Individuals and social control
Travis Hirschi (1969) attempted to answer the question: Why don’t people commit crime? He concluded that people committed deviant and/or criminal activity when their attachment to society is weakened in some way. Hirschi identified 4 social bonds that bind people to their society:-

  1. Attachment – to what extent do people care about the wishes and opinions of others?
  2. Commitment – the personal investments that could be lost if we commit a crime?
  3. Involvement – do people have the time and space for lawbreaking and deviant behaviour?
  4. Belief – how strong is a person’s sense that they should obey the rules of society? This will be influenced by how strong BLUE is in the individual’s vMEME stack.

Hirschi argues that improving each of these factors would strengthen a person’s overall attachment to society and, thus, lower the levels of crime.

The family and social control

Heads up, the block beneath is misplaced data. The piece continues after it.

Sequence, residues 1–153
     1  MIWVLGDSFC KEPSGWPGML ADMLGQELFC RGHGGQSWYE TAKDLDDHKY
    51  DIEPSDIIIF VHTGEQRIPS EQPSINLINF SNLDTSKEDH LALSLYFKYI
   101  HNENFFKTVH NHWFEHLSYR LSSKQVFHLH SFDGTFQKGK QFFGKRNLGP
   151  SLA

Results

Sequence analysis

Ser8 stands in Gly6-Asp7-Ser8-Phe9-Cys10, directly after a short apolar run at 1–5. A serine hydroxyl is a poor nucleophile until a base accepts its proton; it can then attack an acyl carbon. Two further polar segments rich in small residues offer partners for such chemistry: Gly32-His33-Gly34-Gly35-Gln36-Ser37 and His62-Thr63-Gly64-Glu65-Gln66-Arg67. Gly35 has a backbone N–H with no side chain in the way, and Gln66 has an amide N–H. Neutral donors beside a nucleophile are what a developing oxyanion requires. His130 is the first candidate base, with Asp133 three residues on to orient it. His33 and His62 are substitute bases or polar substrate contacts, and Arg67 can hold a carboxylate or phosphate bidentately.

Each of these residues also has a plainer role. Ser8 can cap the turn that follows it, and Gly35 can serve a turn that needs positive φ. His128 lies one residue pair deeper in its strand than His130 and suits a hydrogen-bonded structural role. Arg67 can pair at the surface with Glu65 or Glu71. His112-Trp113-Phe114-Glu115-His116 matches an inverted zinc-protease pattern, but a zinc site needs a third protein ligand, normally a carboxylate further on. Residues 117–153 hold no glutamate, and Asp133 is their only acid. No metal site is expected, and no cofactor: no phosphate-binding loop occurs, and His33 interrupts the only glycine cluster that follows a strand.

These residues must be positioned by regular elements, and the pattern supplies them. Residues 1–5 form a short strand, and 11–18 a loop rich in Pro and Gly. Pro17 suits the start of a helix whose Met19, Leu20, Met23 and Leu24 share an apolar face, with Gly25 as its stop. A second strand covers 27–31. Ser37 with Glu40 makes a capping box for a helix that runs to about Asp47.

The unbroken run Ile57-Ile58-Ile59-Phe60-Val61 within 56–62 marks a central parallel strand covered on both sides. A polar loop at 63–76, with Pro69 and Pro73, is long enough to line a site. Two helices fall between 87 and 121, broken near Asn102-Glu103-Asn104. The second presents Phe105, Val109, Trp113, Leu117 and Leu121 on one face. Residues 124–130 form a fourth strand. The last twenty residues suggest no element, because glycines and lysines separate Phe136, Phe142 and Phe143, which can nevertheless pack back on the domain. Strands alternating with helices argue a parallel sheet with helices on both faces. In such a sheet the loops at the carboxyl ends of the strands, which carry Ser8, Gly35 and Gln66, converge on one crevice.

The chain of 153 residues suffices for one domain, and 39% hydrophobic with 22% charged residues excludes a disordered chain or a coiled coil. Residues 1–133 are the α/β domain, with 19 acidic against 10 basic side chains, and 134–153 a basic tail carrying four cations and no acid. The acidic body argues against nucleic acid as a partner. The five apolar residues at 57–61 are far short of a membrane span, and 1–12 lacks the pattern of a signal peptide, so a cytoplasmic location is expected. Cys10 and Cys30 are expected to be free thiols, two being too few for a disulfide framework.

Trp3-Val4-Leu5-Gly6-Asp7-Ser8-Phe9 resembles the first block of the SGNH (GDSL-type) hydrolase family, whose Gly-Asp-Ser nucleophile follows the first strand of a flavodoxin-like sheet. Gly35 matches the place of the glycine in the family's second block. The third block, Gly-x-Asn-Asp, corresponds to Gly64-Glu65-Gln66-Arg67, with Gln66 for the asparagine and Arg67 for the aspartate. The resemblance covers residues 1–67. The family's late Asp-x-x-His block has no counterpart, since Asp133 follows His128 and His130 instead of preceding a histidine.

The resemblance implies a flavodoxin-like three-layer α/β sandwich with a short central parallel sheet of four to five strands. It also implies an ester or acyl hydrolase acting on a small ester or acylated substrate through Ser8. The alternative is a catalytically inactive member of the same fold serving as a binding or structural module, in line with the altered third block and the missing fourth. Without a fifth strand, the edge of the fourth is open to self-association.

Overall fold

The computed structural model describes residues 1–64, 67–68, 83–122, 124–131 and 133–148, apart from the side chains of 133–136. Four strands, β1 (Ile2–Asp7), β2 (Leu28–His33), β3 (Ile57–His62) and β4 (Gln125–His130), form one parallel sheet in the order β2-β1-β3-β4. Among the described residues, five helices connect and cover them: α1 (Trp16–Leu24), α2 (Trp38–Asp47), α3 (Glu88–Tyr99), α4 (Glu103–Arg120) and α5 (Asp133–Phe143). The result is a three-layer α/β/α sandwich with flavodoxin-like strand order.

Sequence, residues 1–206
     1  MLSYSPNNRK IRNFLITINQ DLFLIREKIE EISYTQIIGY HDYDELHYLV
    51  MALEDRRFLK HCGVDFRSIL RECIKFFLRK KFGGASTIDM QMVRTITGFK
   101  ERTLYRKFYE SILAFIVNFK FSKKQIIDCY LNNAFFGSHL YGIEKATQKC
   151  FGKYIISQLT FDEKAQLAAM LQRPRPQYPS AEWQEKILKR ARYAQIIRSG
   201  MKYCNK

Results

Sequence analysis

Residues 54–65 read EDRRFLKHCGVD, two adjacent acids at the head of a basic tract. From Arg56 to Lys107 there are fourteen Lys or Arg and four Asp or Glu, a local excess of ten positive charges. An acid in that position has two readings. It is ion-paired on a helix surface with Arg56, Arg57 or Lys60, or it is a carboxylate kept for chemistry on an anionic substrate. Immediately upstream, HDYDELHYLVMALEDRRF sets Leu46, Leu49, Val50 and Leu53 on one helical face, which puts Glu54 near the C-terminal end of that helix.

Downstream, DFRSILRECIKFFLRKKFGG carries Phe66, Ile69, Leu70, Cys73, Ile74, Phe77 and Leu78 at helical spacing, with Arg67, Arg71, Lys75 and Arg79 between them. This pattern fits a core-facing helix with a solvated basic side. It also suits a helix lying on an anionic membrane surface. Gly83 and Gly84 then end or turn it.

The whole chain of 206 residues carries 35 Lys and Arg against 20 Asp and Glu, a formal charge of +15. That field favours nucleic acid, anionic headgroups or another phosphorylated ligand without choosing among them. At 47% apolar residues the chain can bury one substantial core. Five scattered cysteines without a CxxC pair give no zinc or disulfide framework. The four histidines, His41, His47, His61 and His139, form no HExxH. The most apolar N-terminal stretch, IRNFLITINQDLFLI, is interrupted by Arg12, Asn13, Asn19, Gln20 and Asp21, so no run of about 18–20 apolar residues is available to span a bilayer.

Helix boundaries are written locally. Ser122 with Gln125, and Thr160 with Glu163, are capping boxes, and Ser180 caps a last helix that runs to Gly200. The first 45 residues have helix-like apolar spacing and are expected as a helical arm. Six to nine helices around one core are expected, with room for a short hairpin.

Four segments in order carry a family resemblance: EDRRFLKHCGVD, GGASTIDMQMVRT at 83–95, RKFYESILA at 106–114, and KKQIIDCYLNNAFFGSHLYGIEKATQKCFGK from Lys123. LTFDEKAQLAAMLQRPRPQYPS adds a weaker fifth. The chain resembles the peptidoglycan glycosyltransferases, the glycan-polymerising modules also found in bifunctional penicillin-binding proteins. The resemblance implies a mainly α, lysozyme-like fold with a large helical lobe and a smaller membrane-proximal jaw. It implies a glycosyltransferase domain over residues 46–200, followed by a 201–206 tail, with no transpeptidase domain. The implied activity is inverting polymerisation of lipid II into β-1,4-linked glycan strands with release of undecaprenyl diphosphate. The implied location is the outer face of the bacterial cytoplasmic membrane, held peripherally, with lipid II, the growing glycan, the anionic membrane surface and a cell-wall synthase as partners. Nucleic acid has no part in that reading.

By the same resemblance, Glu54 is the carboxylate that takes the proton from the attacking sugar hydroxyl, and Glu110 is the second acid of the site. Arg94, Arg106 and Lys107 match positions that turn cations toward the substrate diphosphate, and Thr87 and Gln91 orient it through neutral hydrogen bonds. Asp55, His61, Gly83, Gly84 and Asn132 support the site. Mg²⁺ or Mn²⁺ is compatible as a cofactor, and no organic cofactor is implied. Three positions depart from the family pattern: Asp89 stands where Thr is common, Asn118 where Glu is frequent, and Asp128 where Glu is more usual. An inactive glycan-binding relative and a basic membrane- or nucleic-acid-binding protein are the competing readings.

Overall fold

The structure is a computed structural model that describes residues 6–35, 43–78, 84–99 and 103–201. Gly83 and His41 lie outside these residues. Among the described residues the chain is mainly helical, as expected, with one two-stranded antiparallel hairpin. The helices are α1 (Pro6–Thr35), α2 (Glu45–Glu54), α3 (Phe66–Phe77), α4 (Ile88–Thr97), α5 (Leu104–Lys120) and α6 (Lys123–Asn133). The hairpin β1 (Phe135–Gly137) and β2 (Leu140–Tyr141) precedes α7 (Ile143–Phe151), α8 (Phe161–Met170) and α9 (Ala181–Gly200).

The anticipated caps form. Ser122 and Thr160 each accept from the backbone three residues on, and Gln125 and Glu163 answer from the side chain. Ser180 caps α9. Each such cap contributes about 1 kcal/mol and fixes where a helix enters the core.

David Farrington & Donald West (1990) link the failure of informal social control to the most important socialising agency, the family.

In the famous longitudinal study of delinquents in Cambridge, they followed 411 working class males born in 1953 until their late 30s. Farrington & West found that less than 6% of the total sample accounted for more than 50% of all convictions. They found consistent correlations between family characteristics and offending. In particular, offenders were more likely to come from homes with poor parenting – especially when the father had a criminal conviction. Offenders were also more likely to come from poorer, single-parent families.

Farrington & West’s conclusion that the failure of the family to provide adequate socialisation and informal social control can lead to crime, can be seen to support Hirschi’s arguments, especially in his factors of Attachment and Belief.